Institute for War and Peace Reporting | Giving Voice, Driving Change

Uzbekistan: Andijan Braced for Winter Fuel Crisis

In a country with huge gas reserves, residents of a major city are told they must make their own heating arrangements.
People in the Uzbek city of Andijan are gathering in firewood after learning there will be no gas to heat their homes this winter.

In previous years, residents have mounted protests to demand that the gas be turned back on, but this year they plan to keep quiet, recalling the violence in May last year, when government security forces fired into a crown of demonstrators, killing hundreds according to the accounts of journalists and human rights observers on the ground.

A recent meeting of the regional government heard that of the majority of homes in Andijan that rely on gas for heating and cooking, six out of ten will not receive any over the winter. Nor will about 60 hospitals and clinics, 230 schools, colleges and kindergartens, or any of the military units based in the region.

No formal reason was given for the decision, but whenever officials are questioned on the issue, they commonly cite non-payment of gas bills by consumers.

Andijan residents also report that when they ring the gas company’s help line, they are told the supply network is under repair.

The position in Andijan seems to be worse than in other cities in the Fergana valley, such as Namangan and Fergana itself, where economic conditions are similar, and corporate and private consumers are unlikely to be better payers.

Because most homes in Andijan are fitted with gas appliances, the authorities have made no provision to buy in coal. The city’s coal warehouse says it is only allowed to sell to schools and hospitals at the moment.

Commercial traders are now selling coal at about one US dollar for ten kilogrammes - a lot of money in a country where the average monthly salary is around 30 dollars.

Smoke can already be seen curling above apartment blocks where people have installed makeshift stoves, sometimes dangerous home-made contraptions.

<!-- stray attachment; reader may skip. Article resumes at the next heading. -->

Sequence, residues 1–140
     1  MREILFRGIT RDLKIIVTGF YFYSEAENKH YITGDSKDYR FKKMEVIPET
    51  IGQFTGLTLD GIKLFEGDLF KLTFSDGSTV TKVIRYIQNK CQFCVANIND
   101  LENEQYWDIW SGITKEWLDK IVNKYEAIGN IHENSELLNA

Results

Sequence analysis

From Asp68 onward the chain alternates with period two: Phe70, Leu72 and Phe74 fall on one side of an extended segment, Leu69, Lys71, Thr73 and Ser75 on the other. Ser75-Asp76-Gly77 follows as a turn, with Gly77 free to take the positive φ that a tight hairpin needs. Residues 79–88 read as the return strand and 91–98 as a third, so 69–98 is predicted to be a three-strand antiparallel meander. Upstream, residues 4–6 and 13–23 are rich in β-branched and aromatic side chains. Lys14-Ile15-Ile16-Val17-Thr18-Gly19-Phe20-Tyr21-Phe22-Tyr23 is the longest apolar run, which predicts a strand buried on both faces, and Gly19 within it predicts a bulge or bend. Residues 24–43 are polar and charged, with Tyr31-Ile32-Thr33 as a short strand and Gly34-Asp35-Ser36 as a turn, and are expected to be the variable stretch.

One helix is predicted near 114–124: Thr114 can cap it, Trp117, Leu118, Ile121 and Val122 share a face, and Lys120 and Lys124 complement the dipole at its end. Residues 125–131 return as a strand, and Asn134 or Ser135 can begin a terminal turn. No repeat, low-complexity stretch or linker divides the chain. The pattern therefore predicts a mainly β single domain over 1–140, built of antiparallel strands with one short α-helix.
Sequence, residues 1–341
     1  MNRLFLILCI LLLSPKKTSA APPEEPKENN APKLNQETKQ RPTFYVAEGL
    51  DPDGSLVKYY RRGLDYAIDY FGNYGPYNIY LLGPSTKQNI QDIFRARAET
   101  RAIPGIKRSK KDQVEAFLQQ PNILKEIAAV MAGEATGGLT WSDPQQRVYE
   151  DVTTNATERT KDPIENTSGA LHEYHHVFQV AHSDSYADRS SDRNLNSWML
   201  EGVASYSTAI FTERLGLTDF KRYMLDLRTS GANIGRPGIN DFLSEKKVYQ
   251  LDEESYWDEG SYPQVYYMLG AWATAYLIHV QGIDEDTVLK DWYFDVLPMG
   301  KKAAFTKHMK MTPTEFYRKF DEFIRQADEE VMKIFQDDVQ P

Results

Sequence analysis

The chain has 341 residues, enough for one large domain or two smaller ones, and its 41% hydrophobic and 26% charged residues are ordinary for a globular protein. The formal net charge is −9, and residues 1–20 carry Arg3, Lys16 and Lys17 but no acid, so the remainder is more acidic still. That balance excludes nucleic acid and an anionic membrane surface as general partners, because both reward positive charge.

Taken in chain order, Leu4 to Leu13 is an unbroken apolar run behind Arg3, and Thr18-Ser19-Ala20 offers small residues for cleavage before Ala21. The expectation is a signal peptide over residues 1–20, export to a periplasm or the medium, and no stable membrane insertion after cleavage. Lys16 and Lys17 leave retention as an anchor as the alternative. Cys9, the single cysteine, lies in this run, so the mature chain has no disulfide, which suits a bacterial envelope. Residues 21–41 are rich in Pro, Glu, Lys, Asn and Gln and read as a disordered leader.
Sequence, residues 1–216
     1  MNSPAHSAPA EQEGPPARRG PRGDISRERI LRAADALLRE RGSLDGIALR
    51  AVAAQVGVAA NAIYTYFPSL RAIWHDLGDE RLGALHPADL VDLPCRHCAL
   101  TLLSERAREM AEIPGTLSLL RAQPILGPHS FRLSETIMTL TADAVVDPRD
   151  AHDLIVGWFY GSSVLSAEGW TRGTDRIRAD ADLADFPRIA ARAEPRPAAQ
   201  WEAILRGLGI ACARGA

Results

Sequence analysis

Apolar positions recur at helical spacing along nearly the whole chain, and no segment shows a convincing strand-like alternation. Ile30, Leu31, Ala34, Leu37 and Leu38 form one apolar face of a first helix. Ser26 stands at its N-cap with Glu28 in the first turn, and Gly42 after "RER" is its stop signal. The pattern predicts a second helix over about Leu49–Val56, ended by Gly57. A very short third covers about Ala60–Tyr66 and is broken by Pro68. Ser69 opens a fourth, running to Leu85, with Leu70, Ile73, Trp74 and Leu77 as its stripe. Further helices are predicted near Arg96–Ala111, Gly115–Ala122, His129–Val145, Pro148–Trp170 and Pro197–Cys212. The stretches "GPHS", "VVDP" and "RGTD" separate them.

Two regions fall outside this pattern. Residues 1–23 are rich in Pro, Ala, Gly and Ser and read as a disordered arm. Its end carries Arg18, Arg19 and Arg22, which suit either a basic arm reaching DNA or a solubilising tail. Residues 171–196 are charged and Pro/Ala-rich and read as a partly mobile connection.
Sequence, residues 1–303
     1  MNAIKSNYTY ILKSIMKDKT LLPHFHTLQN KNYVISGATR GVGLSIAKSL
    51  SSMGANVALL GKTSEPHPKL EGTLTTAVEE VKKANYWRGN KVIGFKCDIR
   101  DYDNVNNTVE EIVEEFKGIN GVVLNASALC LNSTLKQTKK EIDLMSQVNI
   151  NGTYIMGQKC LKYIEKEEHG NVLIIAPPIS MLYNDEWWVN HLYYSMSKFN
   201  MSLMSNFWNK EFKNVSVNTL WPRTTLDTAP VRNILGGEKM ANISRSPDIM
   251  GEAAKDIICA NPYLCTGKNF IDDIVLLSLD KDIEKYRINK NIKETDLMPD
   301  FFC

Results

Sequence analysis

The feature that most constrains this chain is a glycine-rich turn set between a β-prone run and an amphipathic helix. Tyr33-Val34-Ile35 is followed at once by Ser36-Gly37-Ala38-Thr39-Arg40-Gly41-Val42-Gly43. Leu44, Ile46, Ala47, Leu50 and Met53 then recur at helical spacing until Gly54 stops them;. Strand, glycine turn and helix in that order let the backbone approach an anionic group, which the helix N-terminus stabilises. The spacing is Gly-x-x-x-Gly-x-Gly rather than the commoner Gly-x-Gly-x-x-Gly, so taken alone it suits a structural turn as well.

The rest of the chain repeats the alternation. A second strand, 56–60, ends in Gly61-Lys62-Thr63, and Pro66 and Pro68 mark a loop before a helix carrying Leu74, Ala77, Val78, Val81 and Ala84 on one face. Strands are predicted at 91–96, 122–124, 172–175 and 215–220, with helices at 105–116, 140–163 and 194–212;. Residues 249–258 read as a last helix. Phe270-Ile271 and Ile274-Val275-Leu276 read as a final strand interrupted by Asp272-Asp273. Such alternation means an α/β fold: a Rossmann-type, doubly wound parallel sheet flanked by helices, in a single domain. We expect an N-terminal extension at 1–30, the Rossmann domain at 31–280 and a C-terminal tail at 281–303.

“If you go into any apartment, you’ll see coal or firewood stacked on the balcony,” said pensioner Alfia Zeinetdinova. “Would you see this in Tashkent or any other city? Soon it will be winter and we are worried that we haven’t stored enough fuel.”

Another resident, Ibodatkhon Kimsanova, said, “The winter heating season is a difficult time for us. The heaters are ice cold, the gas stove doesn’t work, and there are regular electricity blackouts. Our entire family - my husband and I and our three children - live in just one of our four rooms all winter, where there is some heat from an electric fire when the power is on.

“But when it becomes unbearably cold, we all move in with my husband’s parents, who live in a village outside the city. They have the same problems with gas there, but at least you can fire a stove with coal, wood and cotton-plant stalks.”

The fuel shortage is a recurring problem, and in previous years there were protests which met with some success. But the trauma left by last year’s violence has left its mark.

“They [the authorities] used to be a bit scared when we held a demonstration and blocked the roads in protest,” said one local man who did not want to be named. “Officials would make promises in an effort to get us to stop, saying that if we dispersed they would sort things out.

“But nowadays, just try making a move, let alone rebelling, and they’ll threaten to shoot you! They’re just cops, not civil servants.”

In contrast to the government’s position that the May 2005 demonstration on the city’s central square was orchestrated by Islamic militants, Andijan resident Nargiza Yuldasheva said people at the rally were articulating the same kind of social and economic problems they still face.

“Last year, people rose up because of these social and other problems, and look what happened to them. They were all punished. We don’t want that to happen again,” she said.

Uzbekistan is a major producer of natural gas even by world standards, and Andijan residents suspect there is no real shortage. Instead, they believe the gas that should have gone to their homes will be sold to Kyrgyzstan to earn much-needed hard currency for the state.

Andijan is located on the border with Kyrgyzstan, a major consumer of Uzbek gas. The Kyrgyz, who have some coal but no oil or gas, are currently paying 55 dollars per 1,000 cubic metres, a rate that is likely to rise to 100 dollars per 1,000 cu m in January as part of a trend in Central Asia where states are trying to charge their neighbours world market prices.

In Andijan, the shortage is already hitting Oxana Pilipenko’s plans to cook and store seasonal foodstuffs for the winter.

“It’s now time to start stocking up for winter,” she said. “I used to preserve jars of salted or cooked vegetables, salads and so on. With no gas, I haven’t done a single jar yet this year. But we will need food for the winter.”

Aziz Kurbanov is the pseudonym of a journalist in Uzbekistan. The names of interviewees have also been changed out of concern for their security.

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